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Environmental legacy of pre-Columbian Maya mercury

Cook, Duncan E; Beach, Timothy P; Luzzadder-Beach, Sheryl; Dunning, Nicholas P; Turner, Simon D; (2022) Environmental legacy of pre-Columbian Maya mercury. Frontiers in Environmental Science , 10 , Article 986119. 10.3389/fenvs.2022.986119. Green open access

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The Mexico and Central American region has a history of mercury use that began at least two millennia before European colonisation in the 16th century. Archaeologists have reported extensive deposits of cinnabar (HgS) and other mercury materials in ancient human settlements across the region. However, there has been no consideration to date of the environmental legacy of this long history of anthropogenic mercury use. This review begins by synthesising our knowledge of the history and nature of anthropogenic mercury in ancient Mesoamerica based on archaeological data, with a particular focus on the Maya culture of lowland Guatemala, Belize, the Yucatan of Mexico, El Salvador, and Honduras. The Classic Period Maya used mercury for decorative and ceremonial (including funerary) purposes: Cinnabar (HgS) predominantly, but the archaeological record also shows rare finds of elemental mercury (Hg0) in important burial and religious contexts. In this review, we have located and summarised all published data sets collected from (or near) ancient Maya settlements that include environmental mercury measurements. Comparing mercury determinations from pre-Columbian Maya settlements located across the region confirms that seven sites from ten have reported at least one location with mercury concentrations that equal or exceed modern benchmarks for environmental toxicity. The locations with elevated mercury are typically former Maya occupation areas used in the Late Classic Period, situated within large urban settlements abandoned by c. 10th century CE. It is most likely that the mercury detected in buried contexts at Maya archaeological sites is associated with pre-Columbian mercury use, especially of cinnabar. In more complex contexts, where modern biological or specifically anthropogenic inputs are more probable, legacy mercury in the environment will have a more complex, and time transgressive input history. This review identifies current research gaps in our understanding of the long history of Maya mercury use and in the collection of robust total mercury datasets from the Maya world. We identify important areas for future research on the environmental persistence and legacy of mercury, including the need to interpret environment mercury data in the context of mercury exposure and human health at Maya archaeological sites.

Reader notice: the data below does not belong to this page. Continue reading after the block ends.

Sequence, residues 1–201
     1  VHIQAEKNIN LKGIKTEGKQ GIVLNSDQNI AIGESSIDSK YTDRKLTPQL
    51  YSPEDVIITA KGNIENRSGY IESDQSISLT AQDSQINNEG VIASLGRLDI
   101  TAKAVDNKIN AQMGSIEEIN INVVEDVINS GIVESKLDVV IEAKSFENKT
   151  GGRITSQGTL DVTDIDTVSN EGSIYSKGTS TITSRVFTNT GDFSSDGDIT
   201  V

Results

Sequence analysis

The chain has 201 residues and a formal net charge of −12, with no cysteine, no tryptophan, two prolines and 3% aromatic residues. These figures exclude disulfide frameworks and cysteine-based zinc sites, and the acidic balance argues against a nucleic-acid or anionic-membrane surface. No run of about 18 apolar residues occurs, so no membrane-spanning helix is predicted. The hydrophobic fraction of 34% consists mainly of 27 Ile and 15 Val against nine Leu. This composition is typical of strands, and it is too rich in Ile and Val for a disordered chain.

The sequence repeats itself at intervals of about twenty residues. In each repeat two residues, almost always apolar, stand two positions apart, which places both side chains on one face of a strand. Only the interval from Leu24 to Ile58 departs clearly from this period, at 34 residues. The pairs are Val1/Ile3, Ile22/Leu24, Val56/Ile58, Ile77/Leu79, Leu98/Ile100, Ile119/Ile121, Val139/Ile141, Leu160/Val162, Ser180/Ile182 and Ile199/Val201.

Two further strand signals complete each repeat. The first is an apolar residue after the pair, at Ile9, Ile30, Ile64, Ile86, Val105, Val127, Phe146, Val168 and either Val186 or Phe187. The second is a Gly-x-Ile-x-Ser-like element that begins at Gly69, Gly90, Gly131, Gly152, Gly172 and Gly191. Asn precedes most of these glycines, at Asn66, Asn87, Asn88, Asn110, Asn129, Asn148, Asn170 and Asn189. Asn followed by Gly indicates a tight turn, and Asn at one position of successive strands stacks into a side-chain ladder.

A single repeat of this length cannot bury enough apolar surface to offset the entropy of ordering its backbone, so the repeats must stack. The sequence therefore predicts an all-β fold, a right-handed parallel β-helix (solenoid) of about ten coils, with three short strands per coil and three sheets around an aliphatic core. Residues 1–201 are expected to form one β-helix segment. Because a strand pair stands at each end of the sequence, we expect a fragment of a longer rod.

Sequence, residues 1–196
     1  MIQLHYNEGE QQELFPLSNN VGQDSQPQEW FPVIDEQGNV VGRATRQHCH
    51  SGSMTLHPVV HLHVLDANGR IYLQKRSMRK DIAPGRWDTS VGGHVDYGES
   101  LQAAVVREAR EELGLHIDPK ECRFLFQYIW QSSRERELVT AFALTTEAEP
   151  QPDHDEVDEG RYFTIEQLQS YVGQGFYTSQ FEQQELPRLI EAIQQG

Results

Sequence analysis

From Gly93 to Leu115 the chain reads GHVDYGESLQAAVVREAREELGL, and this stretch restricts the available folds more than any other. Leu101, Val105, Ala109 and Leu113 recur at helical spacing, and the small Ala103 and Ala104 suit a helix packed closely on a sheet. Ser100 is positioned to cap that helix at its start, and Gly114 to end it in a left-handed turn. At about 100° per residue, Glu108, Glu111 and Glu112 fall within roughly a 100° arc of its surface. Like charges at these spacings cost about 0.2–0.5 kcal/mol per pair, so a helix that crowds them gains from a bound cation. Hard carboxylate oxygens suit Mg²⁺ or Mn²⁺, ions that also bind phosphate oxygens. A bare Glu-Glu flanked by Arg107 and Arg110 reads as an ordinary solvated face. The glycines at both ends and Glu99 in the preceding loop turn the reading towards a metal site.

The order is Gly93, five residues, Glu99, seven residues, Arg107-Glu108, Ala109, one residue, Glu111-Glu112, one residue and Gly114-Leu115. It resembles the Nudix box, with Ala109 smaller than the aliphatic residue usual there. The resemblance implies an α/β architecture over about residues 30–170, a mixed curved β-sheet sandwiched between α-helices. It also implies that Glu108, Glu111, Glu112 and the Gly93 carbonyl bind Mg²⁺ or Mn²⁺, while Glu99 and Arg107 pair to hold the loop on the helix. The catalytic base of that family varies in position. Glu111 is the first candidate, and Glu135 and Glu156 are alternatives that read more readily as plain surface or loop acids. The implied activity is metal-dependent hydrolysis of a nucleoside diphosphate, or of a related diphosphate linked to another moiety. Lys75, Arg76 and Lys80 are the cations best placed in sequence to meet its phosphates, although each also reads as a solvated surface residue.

Type: Article
Title: Environmental legacy of pre-Columbian Maya mercury
Open access status: An open access version is available from UCL Discovery
DOI: 10.3389/fenvs.2022.986119
Publisher version: https://doi.org/10.3389/fenvs.2022.986119
Language: English
Additional information: Copyright © 2022 Cook, Beach, Luzzadder-Beach, Dunning and Turner. This is an open-access article distributed under the terms of the Creative Commons Attribution License (CC BY). The use, distribution or reproduction in other forums is permitted, provided the original author(s) and the copyright owner(s) are credited and that the original publication in this journal is cited, in accordance with accepted academic practice. No use, distribution or reproduction is permitted which does not comply with these terms.
Keywords: mercury, pre-Columbian Maya, cinnabar, soil pollution, Mesoamerica, anthropogenic heavy metals
UCL classification: UCL > Provost and Vice Provost Offices > UCL SLASH > Faculty of S&HS
UCL > Provost and Vice Provost Offices > UCL SLASH > Faculty of S&HS > Dept of Geography
UCL > Provost and Vice Provost Offices > UCL SLASH
URI: https://discovery.ucl.ac.uk/id/eprint/10156431
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